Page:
"Psychologist and Preah Parker, a group conflict resolution facilitator. Trying to make your meetings less terrible. Okay, so How should you start a meeting? First example how not to start So it starts late. A person arrives 10 minutes late, And then the leader says, Okay, we can start now or worse. Yet it's the leader herself or himself. That shows up late and then they start the meeting with a whole bunch of news and announcements, things that clearly could have been communicated. In other Mechanisms. Then, the leader says. I have a really important issue to talk about, and they start talking about that issue, and they dominate the discussion. And then another person in the meeting starts to dominate the discussion. And next thing you know, the leader looks at her or his watches his Oh, gosh, we're out of time. But you know what? Let's run 10 minutes after the meeting time just to see if we can close the loop. And says, Okay, Look, I've heard from you all but an effect. They've only heard from one or two people and the other people either didn't have a chance to speak or were completely irrelevant to the discussion. So the meeting ends 10 minutes later than it should. The leader thinks that there was a good decision made, but no one else feels that way. And they go back to work. And they go. Oh, I ve what just happened. It's called Meeting Recovery syndrome. And so what we find is that when people have bad meetings, they don't necessarily just leave it at the door it sticks with, um, they ruminate. They co ruminate, and they even reported negatively affecting their productivity's after the meeting. Or you could start your meeting like this. Don't open it with logistics. Open it from the first five or 10 minutes connecting people in a specific way. Here's an idea Parker got from someone who ran a weekly staff meeting. She started her meetings by saying, Let's everybody do arose in a thorn, which is sort of this old exercise of like, What's the best part of your week was the worst part of your week, and it's just the 1st 10 minutes. The rest of the 50 minutes was used for, you know, business, quote unquote and she called me up and she said, My meetings have transformed. I said why? And she said People have started to say more really stuff in the context of work because by starting the meeting with including a thorn as the base default, I didn't realize I was playing a role is cheerleader. And they didn't think that I could handle or wanted to have 50 50 thorns and so has changed the norms of what's acceptable and what we talk about for the rest of the meeting. So, Priya, you write that businesses tend to quote run on a cult of positivity. What do you mean by that? And how do you counter it? Whether it is panels that are asking guests to talk about all of their successes or launch a product or whether it is a meeting in which you were talking about how wonderful or how great things are. And so part of the unwinding of the cult of positivity is to go back and ask What is the purpose of this gathering and often positivity prevents progress. Talk about the difference between generous authority and a Njenga Rhys or as you term it imperious authority. Part of the role of a host is to practice generous authority and I defined generous authority to do three things with their guest first is to connect them to each other and to the purpose. To protect them from each other. And to temporarily equalize thumb. Because in any type of group people will fall into the default patterns that they always fall into. Whether they know people are not. And your role is a host is to temporarily allow them to behave in a way that helps you collectively go to that purpose. So if I'm meeting leader, I can do different things. Instead of asking people to prepare in advance. You allocate the very first part of the meeting to reading the preparatory materials because at that point, at least, you know, everyone has done it. And then there's other unconventional tools like even if I have a large group of folks and I want them to engage strongly on a topic if I have people pair up and work in Diane's, even just for a few minutes And then come back together as a group. Me having folks working diet changes the whole dynamic of the large group discussion. The level of communication and passion will be much higher. But what we know from the research is that left to just the standard protocols of people talking that Decision better than what would have just been produced by the best individual in the room on Ly occurs 20% of the time so most typically, meeting performance is just not optimal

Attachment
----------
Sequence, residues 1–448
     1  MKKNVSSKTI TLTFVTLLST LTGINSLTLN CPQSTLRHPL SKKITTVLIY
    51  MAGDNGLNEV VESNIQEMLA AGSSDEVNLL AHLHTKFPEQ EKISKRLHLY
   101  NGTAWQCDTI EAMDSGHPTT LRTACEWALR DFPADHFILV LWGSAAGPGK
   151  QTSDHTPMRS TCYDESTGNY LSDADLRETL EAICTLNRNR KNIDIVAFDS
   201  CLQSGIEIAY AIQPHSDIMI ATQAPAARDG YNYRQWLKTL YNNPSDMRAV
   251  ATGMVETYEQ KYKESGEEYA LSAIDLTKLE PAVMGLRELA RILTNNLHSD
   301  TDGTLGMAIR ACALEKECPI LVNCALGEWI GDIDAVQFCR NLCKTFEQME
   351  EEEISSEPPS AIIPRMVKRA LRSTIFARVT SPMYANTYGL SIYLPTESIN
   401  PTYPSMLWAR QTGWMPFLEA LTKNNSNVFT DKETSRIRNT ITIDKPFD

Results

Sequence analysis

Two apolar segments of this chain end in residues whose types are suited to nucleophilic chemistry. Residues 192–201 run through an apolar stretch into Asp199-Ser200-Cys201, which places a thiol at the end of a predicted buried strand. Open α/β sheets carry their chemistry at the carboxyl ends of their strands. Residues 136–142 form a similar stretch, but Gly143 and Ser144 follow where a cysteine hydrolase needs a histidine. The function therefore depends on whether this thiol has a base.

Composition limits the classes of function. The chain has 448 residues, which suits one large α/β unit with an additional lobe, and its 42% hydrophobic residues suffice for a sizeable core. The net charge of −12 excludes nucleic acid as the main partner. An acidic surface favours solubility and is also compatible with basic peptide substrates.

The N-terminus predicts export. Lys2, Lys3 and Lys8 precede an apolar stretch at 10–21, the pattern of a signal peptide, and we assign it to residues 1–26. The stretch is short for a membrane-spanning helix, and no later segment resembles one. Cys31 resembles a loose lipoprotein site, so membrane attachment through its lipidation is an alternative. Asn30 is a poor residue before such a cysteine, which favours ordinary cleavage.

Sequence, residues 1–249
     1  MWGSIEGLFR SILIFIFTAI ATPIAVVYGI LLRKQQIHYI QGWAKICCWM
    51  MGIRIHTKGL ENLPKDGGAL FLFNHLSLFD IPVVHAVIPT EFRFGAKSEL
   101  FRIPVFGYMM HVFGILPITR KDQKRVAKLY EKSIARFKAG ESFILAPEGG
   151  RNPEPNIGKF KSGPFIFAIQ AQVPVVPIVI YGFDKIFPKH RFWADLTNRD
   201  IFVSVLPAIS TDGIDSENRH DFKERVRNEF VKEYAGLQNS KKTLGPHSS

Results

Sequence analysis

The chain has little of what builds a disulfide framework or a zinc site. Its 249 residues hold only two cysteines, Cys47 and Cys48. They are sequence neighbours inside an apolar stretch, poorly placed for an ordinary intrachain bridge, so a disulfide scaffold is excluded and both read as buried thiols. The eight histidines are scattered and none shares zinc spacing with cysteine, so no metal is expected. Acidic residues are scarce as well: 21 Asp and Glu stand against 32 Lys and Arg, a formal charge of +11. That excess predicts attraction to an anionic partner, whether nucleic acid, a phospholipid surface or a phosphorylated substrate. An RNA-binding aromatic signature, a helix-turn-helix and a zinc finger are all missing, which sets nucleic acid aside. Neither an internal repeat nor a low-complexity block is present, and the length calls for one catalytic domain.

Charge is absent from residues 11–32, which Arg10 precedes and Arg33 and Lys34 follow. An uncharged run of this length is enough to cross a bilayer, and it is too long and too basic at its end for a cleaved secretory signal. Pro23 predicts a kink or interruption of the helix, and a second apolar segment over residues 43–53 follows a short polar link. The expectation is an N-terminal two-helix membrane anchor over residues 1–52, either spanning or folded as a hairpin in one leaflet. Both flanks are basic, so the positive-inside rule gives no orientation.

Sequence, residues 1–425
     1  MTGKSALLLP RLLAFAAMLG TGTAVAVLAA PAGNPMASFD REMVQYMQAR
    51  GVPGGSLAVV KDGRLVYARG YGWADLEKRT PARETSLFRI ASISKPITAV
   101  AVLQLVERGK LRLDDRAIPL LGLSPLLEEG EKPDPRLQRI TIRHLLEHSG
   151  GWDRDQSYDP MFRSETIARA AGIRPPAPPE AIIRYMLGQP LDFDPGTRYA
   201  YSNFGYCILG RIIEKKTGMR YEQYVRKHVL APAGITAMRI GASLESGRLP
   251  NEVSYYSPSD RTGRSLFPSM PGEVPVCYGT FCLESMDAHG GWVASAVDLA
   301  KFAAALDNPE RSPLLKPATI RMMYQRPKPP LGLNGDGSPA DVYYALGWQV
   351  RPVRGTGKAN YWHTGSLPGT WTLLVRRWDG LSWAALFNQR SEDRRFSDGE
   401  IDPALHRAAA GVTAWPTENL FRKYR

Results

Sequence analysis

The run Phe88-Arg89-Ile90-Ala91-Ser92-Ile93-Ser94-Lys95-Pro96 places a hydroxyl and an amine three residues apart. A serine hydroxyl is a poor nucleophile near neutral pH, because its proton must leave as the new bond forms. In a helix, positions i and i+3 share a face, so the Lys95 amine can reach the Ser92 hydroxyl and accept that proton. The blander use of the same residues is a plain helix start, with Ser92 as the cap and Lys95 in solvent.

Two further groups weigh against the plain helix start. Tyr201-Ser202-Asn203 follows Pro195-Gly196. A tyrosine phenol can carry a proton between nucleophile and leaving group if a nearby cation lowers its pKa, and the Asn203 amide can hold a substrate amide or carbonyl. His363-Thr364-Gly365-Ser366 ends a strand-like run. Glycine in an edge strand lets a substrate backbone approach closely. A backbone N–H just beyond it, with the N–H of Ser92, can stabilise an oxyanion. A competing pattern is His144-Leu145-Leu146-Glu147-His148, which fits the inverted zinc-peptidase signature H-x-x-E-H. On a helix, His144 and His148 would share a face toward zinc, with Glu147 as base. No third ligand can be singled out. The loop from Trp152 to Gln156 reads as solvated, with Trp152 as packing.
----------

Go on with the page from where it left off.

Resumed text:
My Kingdom is not of this World (John 18:36)